A double Van de Graaff Generator
The electrostatic machine known as the Van de Graaff generator was invented by Robert J. Van de Graaff, in the USA, by 1929, with the objective of generating high voltages for experiments in nuclear physics. It was first described in a short abstract in the Physical Review, vol. 38, p. 1919, 1931, and in more detail in 1933 [p4]. The classical machine consists in a motorized insulating belt that transports charge to a hollow terminal. Inside the terminal the charge is collected by a row of points close to the belt and transferred to the exterior surface of the terminal by the Faraday "ice pail" effect. Charges are sprayed over the belt surface by another row of points below, connected to an electronic DC high-voltage supply. It is interesting to note that the original machine was double, with two terminals oppositely charged. More elaborated charging systems, as the use of current doublers and self-excited operation were also considered in [p4]. The machine was soon built in large scale as the Round Hill electrostatic generator [p3], that is now on display (mounted as an unipolar machine [p5]) at the Boston Museum of Science, in the USA.
The basic ideas of the machine can be traced to the 1800's or before, and particularly to Righi, who describes machines using rubber tubes with metallic rings [p55][p56] (1872) for charge transport with charge collectors inside hollow terminals, and also double tube machines and belt influence machines [p59] (1875). Another important antecessor is the Carré machine (1868), that uses a charge collector close to the terminal instead of inside it, a disk for charge transport, and a friction machine as high voltage supply, using influence to charge the disk from a grounded row of points. Friction belt machines were known since the 1700's, as in the machine made by Rouland by 1785 .
After the initial experiments with generators operating in air, high-power Van de Graaff generators were built, operating in tanks of compressed air, and later other gases, achieving several megavolts of output voltage and much higher output current than would be possible in the basic machine [p98]. An important improvement was the use of equipotential rings along the insulating support and even along the belt runs. The rings, biased at linearly varying voltages along the support by strings of resistors or corona points, emulate a supporting column with uniform resistivity and distribute evenly the potential developed at the terminal. Machines of this type continue to be used today, as power supplies for particle accelerators [p100], X-ray generators [p99], and similar applications.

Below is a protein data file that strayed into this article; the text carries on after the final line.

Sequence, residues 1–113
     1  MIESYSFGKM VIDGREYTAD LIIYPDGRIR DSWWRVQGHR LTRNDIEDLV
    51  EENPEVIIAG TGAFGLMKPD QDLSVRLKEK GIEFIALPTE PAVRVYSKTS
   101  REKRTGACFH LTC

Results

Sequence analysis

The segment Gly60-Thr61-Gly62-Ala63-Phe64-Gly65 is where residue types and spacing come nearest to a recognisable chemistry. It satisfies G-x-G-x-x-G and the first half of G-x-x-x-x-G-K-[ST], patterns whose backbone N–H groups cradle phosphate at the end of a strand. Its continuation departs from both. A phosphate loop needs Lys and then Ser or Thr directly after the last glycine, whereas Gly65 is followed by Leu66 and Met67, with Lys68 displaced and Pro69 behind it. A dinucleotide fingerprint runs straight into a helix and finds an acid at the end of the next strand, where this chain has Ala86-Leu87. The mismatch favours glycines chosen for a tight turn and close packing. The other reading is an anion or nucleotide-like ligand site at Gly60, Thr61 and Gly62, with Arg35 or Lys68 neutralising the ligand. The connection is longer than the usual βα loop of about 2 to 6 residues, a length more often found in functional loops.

The excitation system for the machine can be built in many ways. There is the original, and best, using an electronic excitator to spray charge in the belt, and many other possibilities, that can be identified with the charging systems of the classic friction and influence machines. This picture shows some of the possibilities. The friction system is very popular and simple, charging the lower roller by rolling friction with the belt.The charged roller then attracts opposite charge to the surface of the belt through a grounded comb or brush. The performance with this system is, however, quite impredictable. Other two methods, that I call the Holtz and Toepler methods, adapt the charging systems of their classic influence machines. Both rollers are conductive and insulated, and the machine can produce any polarity at the terminal. In the Holtz system, the charges in the belt polarize the rollers, and eventually leak to them, leaving then oppositely charged. In the Toepler system, charges at the surface of the belt are directly taken to charge them. The charged rollers then charge the belt surface with opposite charges at each end through brushes or combs.The systems that charge a roller with charges coming from the belt reaching it and use the charged roller as inductor to charge the belt going away from it are called "current doublers". Another system copies the charging mechanism of the Wimshurst machine (actually one half of the machine), or of the Holtz machine of the second kind. Each charged belt run attracts opposite charges to the surface of the other, with a reinforcing effect caused by electric field concentration at the combs or brushes. This method works well and is common in small laboratory machines.
The Van de Graaff generator is common in a variety of tabletop models for demonstrations and experiments with electrostatics, usually in unipolar configuration. Many descriptions of the most usual systems can be found in the web. I decided to built a machine that is not necessarily better, but is different from the usual designs seen today and closer to the original machine.